Even with a stronger performance on the Energy criteria, the company stays behind both HP and Wipro. Nokia met a renewable energy target of 40%, a strong number but still below its original 2010 target of 50%. The company falls short in other areas as well, including lacking a robust clean electricity plan, an ambitious greenhouse gas (GHG) emissions reduction target of 30% by 2015, and a renewable energy target of 100% by 2020. However, Nokia does receive top points for disclosing externally verified GHG emissions from its own operations.
Nokia’s Products scores do not change in the latest edition. Although the company has released new information on warranties, it fails to provide similar data on spare parts to increase the life of its products. Nokia fails to score on the use of recycled plastics, although the Nokia 700 is its first smartphone made with 33% recycled plastics. The company is just shy of maximum points on hazardous substances, do to its lack of a target for eliminating all antimony compounds. It continues to score maximum points for the energy efficiency of its products for setting a new target to reduce no-load power used by its chargers.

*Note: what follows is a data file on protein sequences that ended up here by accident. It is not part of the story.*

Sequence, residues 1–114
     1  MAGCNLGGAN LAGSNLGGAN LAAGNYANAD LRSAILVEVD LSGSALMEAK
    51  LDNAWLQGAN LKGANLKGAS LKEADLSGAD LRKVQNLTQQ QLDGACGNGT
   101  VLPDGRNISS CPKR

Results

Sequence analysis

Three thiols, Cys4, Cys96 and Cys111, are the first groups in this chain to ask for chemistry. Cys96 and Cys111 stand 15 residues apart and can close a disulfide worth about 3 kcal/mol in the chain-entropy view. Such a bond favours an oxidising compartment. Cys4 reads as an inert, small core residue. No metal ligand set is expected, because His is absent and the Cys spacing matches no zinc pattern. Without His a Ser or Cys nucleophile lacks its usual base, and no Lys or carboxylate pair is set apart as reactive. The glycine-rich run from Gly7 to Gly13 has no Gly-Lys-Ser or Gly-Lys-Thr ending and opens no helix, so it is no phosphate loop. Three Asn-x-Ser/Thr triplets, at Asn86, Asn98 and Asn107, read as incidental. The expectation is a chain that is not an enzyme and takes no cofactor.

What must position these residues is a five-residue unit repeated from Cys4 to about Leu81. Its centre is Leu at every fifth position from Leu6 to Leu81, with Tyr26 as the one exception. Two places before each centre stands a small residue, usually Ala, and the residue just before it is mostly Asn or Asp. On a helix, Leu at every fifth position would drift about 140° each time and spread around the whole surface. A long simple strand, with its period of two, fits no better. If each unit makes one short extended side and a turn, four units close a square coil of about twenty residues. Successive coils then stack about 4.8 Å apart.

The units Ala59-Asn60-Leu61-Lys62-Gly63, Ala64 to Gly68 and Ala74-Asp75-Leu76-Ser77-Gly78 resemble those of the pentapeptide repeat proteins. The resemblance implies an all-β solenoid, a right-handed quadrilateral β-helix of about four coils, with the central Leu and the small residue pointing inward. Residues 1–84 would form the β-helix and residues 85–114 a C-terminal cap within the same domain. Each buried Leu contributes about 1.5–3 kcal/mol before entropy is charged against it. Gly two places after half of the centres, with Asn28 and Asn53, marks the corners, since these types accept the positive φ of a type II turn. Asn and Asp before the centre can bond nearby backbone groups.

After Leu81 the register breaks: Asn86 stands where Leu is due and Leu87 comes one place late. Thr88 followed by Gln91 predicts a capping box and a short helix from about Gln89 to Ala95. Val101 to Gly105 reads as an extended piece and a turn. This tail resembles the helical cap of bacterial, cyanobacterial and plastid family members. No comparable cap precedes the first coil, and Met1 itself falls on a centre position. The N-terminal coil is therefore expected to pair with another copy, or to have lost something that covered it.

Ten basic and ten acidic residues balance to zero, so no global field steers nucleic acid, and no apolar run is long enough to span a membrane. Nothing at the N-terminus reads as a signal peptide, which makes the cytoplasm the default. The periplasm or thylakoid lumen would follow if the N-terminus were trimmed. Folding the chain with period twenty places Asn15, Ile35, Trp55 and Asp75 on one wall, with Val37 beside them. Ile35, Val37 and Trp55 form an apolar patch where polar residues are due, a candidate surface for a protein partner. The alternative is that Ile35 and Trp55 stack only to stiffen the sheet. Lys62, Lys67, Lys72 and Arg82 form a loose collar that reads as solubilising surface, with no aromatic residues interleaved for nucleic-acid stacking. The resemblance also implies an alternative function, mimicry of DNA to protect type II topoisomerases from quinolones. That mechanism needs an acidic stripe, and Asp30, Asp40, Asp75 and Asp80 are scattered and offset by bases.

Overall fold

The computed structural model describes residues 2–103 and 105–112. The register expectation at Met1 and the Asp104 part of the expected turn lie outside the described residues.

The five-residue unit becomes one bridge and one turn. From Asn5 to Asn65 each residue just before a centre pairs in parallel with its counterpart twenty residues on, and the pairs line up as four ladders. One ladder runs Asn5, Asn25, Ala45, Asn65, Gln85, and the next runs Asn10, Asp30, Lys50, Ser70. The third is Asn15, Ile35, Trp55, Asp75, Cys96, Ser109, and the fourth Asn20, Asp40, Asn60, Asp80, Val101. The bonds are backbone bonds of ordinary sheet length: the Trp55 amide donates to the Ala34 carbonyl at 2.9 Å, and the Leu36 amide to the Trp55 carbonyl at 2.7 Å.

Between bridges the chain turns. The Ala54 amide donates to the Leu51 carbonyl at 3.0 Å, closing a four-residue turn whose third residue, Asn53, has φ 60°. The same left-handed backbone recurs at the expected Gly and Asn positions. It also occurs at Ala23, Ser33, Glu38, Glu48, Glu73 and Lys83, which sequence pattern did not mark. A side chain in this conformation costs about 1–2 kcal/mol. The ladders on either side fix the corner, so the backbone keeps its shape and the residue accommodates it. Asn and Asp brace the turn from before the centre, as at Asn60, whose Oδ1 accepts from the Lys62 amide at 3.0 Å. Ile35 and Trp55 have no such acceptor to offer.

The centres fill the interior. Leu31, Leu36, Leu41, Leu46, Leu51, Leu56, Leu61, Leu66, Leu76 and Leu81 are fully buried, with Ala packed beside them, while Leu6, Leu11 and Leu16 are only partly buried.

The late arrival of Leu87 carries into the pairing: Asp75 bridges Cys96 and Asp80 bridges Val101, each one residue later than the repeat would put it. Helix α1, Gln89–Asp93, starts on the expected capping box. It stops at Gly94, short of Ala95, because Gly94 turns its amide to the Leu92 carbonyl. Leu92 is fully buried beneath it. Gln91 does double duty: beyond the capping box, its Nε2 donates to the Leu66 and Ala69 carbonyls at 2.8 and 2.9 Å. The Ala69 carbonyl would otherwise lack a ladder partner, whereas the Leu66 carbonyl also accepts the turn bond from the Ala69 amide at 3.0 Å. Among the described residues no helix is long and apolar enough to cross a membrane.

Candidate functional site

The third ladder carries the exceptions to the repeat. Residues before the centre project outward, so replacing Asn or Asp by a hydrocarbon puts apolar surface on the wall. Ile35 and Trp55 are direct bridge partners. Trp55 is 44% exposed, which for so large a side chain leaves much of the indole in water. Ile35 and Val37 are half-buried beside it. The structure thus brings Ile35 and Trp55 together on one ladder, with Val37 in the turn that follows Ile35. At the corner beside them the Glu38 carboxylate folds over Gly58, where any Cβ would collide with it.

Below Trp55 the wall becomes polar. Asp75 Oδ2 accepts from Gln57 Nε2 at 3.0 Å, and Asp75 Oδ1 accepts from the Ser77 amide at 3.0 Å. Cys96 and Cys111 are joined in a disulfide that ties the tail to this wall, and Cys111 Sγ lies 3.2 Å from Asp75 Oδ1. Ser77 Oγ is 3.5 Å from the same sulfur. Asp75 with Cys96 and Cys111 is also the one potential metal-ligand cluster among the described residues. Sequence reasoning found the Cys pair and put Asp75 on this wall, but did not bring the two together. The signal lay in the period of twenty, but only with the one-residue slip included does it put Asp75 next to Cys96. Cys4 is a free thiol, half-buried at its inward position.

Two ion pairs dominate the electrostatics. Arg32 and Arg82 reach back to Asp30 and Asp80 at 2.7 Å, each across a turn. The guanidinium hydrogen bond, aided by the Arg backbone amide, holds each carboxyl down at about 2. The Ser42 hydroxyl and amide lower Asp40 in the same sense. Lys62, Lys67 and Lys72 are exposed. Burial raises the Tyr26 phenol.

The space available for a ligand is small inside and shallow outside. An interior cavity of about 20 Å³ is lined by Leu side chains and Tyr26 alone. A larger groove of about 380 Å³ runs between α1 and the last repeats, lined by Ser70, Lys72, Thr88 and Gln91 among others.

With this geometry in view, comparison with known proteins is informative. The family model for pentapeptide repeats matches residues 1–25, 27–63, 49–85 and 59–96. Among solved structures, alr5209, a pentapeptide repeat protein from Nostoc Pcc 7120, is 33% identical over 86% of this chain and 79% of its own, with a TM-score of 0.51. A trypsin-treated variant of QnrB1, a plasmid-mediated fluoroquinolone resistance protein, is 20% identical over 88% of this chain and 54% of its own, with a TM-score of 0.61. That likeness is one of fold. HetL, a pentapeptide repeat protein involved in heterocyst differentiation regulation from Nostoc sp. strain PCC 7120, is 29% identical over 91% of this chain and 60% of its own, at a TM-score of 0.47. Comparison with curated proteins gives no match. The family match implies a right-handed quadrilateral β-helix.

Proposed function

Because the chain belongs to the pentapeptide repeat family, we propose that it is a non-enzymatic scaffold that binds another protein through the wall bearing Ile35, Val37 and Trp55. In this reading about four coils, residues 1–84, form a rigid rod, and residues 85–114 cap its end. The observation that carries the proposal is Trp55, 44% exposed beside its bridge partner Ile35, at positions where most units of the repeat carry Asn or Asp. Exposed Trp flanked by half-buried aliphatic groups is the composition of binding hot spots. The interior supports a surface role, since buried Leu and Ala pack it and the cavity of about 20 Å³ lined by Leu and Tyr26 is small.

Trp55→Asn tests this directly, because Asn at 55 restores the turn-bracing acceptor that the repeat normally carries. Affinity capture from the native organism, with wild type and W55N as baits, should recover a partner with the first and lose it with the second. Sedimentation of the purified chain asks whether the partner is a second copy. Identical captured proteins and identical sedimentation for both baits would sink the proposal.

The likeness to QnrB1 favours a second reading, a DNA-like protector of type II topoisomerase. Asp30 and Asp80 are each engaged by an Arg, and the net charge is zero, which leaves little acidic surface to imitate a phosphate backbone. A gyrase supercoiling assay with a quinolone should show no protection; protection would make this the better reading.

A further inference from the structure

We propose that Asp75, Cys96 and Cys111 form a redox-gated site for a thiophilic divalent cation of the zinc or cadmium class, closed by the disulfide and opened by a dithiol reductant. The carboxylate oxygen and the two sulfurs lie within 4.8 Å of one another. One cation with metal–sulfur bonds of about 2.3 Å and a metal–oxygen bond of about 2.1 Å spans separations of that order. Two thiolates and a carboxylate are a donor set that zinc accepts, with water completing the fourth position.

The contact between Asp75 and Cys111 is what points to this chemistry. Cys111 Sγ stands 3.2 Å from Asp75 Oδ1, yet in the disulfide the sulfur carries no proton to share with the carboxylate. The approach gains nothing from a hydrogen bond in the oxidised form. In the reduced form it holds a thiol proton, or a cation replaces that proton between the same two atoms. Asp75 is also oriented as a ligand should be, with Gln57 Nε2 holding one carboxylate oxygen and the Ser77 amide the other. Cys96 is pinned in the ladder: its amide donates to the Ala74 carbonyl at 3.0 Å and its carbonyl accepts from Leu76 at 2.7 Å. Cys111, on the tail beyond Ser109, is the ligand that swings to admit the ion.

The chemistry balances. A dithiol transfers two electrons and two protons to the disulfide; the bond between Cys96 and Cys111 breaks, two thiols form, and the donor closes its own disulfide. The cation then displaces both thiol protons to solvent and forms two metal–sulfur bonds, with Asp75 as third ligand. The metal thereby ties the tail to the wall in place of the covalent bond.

Nokia scores highest marks on the Sustainable Operations criteria. The company has a comprehensive voluntary take-back programme, which spans 100 countries providing nearly 6,000 collection points for end-of-life mobile phones, with accessible information provided to customers. Nokia was also one of the first global brands to offer a take-back programme in India. However, it fails to score maximum points, as the quantities are still small and are not reported as a percentage of past sales. Nokia needs to improve its chemicals management programme, further developing its policies and programme to address conflict minerals as well as a paper procurement policy that excludes suppliers involved in deforestation and illegal logging.
Nokia's performance in detail: Download the company’s Scorecard here